A.I.S.E. welcomes the conclusions of the European Commission’s review of the Detergents Regulation, and the findings of the recently published Fitness Check of the EU chemicals legislation (except REACH), which identify opportunities to improve hazard communication to consumers including through digital means.
Detergents and maintenance products help secure high levels of protection of human health through cleanliness and hygiene solutions. Product safety is of paramount importance to the industry, and all products placed on the market are compliant with European chemicals legislation which is the most ambitious and stringent legal framework in the world.
The implementation of the Detergents Regulation (Det. Reg.) by the industry has been a success particularly in terms of protection of human health, enabling consumers online access to the full list of ingredients, and environmental protection via enhanced biodegradability of surfactants, and development of phosphates-free formulations for consumer laundry and automatic dishwasher detergents.
Industry strongly welcomes action which will help provide clearer information to consumers by addressing the existing overlaps between the Det. Reg. and other pieces of EU chemicals legislation (Classification, Labelling and Packaging (CLP) Regulation, REACH, and the Biocidal Products Regulation (BPR)). These overlaps and inconsistencies often result in duplications in the labelling of substances and ingredients on detergents’ labels, which have increased confusion for consumers (i.e. labels are overcrowded, difficult to understand, often not read) and been identified as important bottlenecks adding administrative burdens, complexity, and inefficiency for the industry.
The use of digital communication technologies (website, apps, QR codes, etc) could be opportune to support these objectives, but also help convey other relevant information such as sustainable consumption tips to consumers. As the use phase accounts for a significant part of the environmental footprint, the drive towards sustainable consumption habits by consumers is a priority in reducing the environmental footprint of detergents.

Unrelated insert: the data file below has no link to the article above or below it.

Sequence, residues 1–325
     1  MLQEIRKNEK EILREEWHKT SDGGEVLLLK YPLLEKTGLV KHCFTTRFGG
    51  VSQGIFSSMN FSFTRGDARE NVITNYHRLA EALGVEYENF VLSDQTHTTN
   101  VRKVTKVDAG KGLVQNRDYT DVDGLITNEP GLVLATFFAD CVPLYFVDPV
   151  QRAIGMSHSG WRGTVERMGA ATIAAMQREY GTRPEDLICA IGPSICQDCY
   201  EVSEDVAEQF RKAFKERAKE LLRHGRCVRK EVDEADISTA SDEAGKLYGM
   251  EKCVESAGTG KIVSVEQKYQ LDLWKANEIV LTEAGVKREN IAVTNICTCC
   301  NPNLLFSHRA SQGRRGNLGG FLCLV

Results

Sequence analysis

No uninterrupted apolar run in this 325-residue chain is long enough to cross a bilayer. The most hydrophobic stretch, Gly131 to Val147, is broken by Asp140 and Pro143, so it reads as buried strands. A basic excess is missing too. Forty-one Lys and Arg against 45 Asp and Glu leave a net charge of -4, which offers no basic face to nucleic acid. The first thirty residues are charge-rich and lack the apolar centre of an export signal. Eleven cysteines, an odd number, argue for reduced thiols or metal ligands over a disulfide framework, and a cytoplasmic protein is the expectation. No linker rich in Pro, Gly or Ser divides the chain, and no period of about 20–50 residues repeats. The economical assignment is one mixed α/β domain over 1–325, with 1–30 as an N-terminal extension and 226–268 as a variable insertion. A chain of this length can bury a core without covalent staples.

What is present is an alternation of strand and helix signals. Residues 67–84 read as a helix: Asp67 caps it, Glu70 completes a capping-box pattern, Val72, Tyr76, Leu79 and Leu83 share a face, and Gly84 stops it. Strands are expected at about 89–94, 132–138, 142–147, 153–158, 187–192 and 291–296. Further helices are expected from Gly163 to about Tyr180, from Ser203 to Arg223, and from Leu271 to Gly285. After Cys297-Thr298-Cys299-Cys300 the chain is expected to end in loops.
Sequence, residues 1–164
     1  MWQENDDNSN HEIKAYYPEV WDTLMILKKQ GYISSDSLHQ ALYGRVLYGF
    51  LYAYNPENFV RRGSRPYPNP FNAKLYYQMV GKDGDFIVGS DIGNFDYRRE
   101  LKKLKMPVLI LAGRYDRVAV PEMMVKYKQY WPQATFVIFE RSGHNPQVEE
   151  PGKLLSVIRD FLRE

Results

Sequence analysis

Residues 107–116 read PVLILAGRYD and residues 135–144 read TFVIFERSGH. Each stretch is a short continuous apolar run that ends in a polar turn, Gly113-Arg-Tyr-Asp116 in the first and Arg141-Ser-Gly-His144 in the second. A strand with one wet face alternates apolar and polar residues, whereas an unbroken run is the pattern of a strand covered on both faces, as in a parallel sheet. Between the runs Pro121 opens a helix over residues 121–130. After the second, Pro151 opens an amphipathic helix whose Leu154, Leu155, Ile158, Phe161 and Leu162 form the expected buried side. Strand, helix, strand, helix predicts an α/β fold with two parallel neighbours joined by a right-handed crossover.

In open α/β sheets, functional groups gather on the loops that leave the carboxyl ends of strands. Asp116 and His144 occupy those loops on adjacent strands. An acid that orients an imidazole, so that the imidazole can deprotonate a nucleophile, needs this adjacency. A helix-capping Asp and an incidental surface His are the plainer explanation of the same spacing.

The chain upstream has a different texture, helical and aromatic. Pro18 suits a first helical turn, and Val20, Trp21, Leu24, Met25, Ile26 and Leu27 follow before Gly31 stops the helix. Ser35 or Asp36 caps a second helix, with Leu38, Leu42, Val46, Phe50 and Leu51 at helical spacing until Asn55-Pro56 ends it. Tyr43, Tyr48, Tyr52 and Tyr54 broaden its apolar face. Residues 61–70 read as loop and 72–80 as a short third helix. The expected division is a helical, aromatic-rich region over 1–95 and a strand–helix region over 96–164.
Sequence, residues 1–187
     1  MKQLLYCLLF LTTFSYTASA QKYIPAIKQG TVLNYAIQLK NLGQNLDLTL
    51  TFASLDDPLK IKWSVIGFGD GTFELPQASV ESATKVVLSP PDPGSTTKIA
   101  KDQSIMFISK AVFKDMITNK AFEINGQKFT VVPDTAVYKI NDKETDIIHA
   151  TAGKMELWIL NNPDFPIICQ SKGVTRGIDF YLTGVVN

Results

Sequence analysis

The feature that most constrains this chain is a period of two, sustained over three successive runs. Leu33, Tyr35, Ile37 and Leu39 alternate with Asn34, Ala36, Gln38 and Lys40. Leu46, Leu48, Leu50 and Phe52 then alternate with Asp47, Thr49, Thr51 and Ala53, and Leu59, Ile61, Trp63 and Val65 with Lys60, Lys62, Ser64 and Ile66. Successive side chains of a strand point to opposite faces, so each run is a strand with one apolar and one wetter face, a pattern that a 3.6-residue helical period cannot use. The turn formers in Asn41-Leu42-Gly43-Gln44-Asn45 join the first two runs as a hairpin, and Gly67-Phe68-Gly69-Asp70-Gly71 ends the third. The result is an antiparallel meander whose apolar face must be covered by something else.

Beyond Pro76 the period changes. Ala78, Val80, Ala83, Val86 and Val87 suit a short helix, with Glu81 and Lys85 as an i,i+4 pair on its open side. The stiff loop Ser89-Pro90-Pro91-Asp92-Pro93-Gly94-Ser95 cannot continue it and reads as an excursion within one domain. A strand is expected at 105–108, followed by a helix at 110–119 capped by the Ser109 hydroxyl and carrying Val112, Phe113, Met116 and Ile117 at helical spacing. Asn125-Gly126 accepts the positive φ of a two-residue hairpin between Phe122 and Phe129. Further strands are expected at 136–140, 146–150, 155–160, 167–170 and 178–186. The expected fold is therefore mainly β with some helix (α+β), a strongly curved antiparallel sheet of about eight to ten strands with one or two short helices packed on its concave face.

Similarly recognised by the conclusions of the Fitness Check, A.I.S.E. is also greatly supportive of the need to clarify how to apply CLP bridging principles method for the classification of mixtures. A.I.S.E. regrets however that the challenging implementation stemming from the requirements of the BPR are not identified for future action in the Commission assessment. Goldplating measures, and different interpretation of the BPR requirements at local level leads to a lack of legal certainty and business predictability. A.I.S.E. is therefore calling for a uniform and harmonised interpretation of the legal requirements stemming from the European Regulation.
A.I.S.E. is ready to engage with Commission and Competent Authorities for improving the current legislative framework governing detergents on the basis of the EU Better Regulation Agenda principles, while maintaining the highest standards on safety and environmental performance.